Doug MacLeod, the Acoustic Artist award winner the last two years, topped the Acoustic Album category this year for Break the Chain. The other best album honors went to Walter Trout’s We’re All In This Together for Rock Blues Album, Monster Mike Welch and Mike Ledbetter’s Right Place, Right Time for Traditional Blues Album, and Robert Cray & Hi Rhythm’s self-titled effort for Soul Blues Album.
Wainwright and Hart’s fellow winners in the Instrumentalist categories were Trombone Shorty as Horn Player of the Year, Michael “Mudcat” Ward as Bass Player of the Year, Tony Braunagel as Drummer of the Year, Jason Ricci as Harmonica Player of the Year, and Ronnie Earl as Guitarist of the Year.
The Blues Music Awards encompass a broad range of blues styles as well as recognizing both great old and new blues performances. This year’s winner for best Historical Album was Ruf Recordings’ Luther Allison compilation A Legend Never Dies, Essential Recordings 1976-1997, while the Best Emerging Artist Album went to hometown heroes Southern Avenue for their eponymous debut on Stax Records.
The packed house of top blues musicians, music business professionals and devoted fans from around the globe not only got to salute the best in blues for the past year but also enjoyed a night filled with terrific live performances. Many of the nominees and winners lit up the stage, including Keb’ Mo’, Rick Estrin & the Nightcats, Walter Trout, Southern Avenue, Monster Mike Welch & Mike Ledbetter Band, North Mississippi Allstars, Guy Davis, Vanessa Collier, Larkin Poe, and The Anthony Paule Soul Orchestra featuring Vaneese Thomas, Trudy Lynn, Sugaray Rayford, Wee Willie Walker.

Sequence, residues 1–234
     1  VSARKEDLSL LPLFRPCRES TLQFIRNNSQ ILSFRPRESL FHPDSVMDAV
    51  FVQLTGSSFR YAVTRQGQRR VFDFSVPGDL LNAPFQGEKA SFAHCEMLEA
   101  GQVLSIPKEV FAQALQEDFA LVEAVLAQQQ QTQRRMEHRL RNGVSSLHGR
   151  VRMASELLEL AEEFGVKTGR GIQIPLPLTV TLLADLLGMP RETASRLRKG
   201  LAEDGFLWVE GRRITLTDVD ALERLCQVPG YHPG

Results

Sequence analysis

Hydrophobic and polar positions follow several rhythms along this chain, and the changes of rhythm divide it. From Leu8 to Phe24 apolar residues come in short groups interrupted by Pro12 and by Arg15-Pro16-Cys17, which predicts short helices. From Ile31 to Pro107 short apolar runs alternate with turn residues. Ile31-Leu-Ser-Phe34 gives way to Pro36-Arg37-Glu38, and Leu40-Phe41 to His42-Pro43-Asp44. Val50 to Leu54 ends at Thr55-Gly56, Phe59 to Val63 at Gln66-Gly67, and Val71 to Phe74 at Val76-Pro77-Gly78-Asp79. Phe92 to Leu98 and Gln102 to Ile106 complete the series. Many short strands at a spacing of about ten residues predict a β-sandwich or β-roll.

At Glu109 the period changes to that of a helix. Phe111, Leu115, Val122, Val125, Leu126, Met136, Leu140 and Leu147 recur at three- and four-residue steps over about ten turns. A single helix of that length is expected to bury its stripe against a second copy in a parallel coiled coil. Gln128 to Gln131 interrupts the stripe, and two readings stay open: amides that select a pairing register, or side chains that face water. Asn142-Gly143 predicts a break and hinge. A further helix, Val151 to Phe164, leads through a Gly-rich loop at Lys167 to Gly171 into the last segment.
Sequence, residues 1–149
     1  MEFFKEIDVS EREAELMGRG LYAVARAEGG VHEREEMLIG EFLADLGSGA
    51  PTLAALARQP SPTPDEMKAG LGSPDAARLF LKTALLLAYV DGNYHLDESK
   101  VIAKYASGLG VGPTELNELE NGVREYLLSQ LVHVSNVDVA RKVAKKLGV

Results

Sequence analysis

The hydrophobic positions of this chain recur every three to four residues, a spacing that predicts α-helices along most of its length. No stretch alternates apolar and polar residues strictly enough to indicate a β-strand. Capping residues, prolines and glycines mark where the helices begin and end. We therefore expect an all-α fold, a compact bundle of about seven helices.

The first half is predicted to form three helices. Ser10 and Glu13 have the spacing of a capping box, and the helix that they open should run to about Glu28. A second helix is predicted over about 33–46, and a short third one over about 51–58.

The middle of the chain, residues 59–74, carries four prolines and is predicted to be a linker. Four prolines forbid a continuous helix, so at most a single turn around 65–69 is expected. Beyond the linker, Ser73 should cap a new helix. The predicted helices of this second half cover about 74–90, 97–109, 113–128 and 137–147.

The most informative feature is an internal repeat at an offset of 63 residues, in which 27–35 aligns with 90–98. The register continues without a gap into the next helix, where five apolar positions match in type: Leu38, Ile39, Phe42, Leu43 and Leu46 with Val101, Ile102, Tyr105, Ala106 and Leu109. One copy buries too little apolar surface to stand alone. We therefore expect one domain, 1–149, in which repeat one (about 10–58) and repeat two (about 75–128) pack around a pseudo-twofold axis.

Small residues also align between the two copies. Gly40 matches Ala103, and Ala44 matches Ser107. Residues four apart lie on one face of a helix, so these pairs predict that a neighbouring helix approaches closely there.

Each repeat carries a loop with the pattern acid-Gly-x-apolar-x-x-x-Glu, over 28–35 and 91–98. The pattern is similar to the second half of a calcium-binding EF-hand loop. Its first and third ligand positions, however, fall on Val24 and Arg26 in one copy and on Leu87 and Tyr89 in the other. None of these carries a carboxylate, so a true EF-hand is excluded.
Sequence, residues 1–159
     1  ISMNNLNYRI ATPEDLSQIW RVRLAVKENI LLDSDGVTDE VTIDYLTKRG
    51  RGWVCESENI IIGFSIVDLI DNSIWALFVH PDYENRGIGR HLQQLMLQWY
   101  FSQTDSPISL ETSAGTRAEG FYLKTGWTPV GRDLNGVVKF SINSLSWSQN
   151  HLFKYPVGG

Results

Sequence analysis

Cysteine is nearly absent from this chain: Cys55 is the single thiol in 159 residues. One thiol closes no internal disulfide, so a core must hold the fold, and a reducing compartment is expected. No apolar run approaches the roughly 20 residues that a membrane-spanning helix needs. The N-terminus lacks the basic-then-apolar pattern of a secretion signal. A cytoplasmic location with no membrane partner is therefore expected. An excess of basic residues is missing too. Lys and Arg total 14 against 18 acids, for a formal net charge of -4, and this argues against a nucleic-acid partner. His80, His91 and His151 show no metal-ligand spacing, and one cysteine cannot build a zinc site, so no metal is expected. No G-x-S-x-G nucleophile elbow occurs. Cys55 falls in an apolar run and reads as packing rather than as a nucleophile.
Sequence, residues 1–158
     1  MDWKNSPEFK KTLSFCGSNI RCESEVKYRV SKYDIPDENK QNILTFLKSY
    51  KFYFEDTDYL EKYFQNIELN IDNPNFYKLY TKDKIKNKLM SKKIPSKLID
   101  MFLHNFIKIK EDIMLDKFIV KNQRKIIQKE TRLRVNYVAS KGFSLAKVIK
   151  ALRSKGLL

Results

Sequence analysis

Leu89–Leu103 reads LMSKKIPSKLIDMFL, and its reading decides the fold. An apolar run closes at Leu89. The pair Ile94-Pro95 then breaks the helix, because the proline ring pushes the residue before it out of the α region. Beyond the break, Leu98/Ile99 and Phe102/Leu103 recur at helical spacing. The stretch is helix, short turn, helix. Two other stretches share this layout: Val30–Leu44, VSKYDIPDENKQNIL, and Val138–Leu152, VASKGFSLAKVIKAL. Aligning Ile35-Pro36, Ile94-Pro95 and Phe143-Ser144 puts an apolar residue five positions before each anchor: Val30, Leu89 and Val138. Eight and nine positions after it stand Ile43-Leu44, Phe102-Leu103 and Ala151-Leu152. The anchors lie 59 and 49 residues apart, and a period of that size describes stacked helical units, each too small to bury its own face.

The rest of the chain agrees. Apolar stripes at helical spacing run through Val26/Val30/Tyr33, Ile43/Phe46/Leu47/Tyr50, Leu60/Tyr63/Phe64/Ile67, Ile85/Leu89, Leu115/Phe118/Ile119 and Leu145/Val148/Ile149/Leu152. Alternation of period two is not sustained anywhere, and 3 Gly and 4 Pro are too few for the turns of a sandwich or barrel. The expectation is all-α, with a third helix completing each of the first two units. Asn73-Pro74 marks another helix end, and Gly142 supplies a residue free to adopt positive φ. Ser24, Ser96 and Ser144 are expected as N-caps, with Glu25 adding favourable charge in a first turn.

Blues music continues to grow and thrive; half of the performances on the BMA stage were led by artists who are under the age of 45, with many still in their 20s and 30s. Blues Foundation President and CEO Barbara Newman reports, “We are watching the trends closely, and the blues, as a genre, is definitely on an uptick, with younger musicians being drawn to create and play this style of music and a continually growing following of the music on our social media outlets and beyond.”